....this description of U.S. Education is a pack of lies that smears our nation. I wonder if the people who created this website went to fancy prep schools and looked down their noses at those of us who went to public school. They seem so eager to put down American schools, which educated 90% of us, and by implication, put down the United States. it makes one wonder who they are. Too bad they didn’t take responsibility and put their names on their work so we would know who they are.

Tuesday, May 8, 2012

Put Pressure on Indiana Media

Boycotting the Indiana Press’s Corporate School Reform Agenda
Through biased reporting and their unrelenting pursuit to promote Bennett, Daniels, and the corporate school reformers, the Indiana media flunkies have been selling the privatization of our schools for too long. The time is now to let local TV, radio, and newspaper reporters and editors know that we will not stand by idly. If the guilty don’t shape up, we must send them packing.

Here are a few ways to let publishers, editors, and producers know we are serious about canceling our subscriptions, changing the radio dial, and turning off the tube, encouraging others to follow.

The Boycott List:

Media Email Database

A database of Indiana newspaper contact information can be found here. Simply find the paper you want to contact and click on the (A) next to its name. This will take you to the paper’s contact form or email addresses to members of the editorial board or publishers.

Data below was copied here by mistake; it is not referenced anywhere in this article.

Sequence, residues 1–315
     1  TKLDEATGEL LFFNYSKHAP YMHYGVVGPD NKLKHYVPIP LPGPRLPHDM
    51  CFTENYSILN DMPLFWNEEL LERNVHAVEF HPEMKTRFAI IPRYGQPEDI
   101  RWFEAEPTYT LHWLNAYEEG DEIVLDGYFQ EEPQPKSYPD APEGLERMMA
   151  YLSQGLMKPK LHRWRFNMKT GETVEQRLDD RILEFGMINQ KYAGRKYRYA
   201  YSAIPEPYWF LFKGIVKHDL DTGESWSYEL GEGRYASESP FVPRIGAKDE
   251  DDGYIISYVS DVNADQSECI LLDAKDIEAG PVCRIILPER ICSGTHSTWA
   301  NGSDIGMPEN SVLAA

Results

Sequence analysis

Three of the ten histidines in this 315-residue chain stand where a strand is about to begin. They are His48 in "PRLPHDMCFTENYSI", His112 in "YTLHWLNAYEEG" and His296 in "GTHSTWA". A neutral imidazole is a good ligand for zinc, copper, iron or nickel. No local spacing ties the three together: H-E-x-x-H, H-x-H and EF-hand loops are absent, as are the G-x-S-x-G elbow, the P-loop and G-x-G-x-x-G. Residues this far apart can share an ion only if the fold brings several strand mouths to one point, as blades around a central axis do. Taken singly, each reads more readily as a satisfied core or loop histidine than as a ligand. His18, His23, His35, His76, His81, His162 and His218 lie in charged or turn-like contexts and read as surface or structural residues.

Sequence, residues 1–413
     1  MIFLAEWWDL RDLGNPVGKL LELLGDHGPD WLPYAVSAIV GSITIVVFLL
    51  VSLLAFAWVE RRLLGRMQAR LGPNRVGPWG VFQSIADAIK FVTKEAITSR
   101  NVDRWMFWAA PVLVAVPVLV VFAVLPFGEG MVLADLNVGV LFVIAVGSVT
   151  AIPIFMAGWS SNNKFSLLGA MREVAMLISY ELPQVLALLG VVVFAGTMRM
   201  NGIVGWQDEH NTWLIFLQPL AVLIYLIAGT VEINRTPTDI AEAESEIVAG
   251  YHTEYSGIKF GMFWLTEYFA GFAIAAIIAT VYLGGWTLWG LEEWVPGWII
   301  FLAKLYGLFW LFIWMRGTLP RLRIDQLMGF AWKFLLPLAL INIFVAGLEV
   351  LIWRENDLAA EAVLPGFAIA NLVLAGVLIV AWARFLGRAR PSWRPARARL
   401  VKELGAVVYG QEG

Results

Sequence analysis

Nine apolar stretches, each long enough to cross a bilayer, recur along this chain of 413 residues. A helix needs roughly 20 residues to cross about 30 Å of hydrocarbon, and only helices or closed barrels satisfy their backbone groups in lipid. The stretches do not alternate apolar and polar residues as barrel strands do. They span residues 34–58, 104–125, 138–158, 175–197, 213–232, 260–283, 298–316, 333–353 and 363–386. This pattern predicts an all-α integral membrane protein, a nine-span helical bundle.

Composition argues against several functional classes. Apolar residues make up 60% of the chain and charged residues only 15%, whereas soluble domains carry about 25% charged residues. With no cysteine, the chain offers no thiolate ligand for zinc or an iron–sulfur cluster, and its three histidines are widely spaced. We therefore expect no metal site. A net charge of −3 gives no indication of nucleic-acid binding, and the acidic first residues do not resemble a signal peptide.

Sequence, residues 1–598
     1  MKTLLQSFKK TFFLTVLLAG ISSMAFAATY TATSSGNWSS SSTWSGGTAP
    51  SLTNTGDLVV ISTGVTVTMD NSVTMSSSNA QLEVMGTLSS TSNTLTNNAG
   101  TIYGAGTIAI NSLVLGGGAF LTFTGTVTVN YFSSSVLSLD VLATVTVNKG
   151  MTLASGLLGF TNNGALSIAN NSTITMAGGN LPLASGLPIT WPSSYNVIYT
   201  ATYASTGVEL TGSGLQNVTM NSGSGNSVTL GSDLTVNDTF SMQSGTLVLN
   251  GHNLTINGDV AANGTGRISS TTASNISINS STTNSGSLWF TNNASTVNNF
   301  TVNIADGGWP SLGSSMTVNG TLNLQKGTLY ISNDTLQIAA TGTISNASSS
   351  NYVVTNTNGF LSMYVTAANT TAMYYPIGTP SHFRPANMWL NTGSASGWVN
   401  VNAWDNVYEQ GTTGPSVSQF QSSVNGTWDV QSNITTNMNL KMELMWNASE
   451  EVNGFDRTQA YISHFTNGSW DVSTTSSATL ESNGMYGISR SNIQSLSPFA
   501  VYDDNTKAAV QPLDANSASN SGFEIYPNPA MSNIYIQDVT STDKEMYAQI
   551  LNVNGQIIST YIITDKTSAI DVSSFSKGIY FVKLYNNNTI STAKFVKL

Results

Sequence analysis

You can find TV station contact information here, and a radio list at this link.

Here are a few selected to target.

1. Bloomington Herald-Times

This paper hosted a Bloomington Chamber of Commerce meeting with Tony Bennett. Both Douglas Storm and I submitted questions for editor Bob Zaltsberg to ask the superintendent. To the best of my knowledge, none of our questions made it through. Additionally, the paper published a meaningless account of the event and decided against running my editorial pointing out the cronyism in Tony Bennett’s agenda. They have published Douglas Storm’s letters and occasional guest columns, which have called out the corporate school reformers.

A primary issue of concern is a “know-nothing” editorial policy that claims, “If it isn’t going on in Bloomington or Monroe County it doesn’t get covered.” The barbarians at the gate do not come knocking and saying please and it behooves a community newspaper to make its readers aware of the impending invasion.

Bob Zaltsberg:

2. Boots’ Newspapers: The Paper of Montgomery County and the Noblesville Times

These two papers are co-owned by Indiana Republican Senator Phil Boots and must be extensively targeted. Both papers are unavailable online without a subscription, but the editor, Tim Timmons, can be contacted at The Paper of Montgomery County at At the Noblesville Times, you can email him at or use their contact email, which is

3. Courier Press (Evansville)

This paper had a fluff piece concerning the Indiana Republican legislators and ALEC and often quotes from groups like School Choice Indiana.

Eric Bradner (statehouse chief reporter):

Mizell Stewart III (Editor):

4. Emmis Communications

J. Scott Enright, who is the secretary of the corporate school reform group, the Friedman Foundation, also is vice president at Emmis Communications, the mega-media outfit with radio, digital, and publishing outlets in Los Angeles, St. Louis, New York, Austin, and Bulgaria. Emmis received $118,750 last year from Friedman to “educate the public” on school vouchers. In fact, Emmis did the WhyNotIndiana? ads which appeared on-line and in newspapers across Indiana.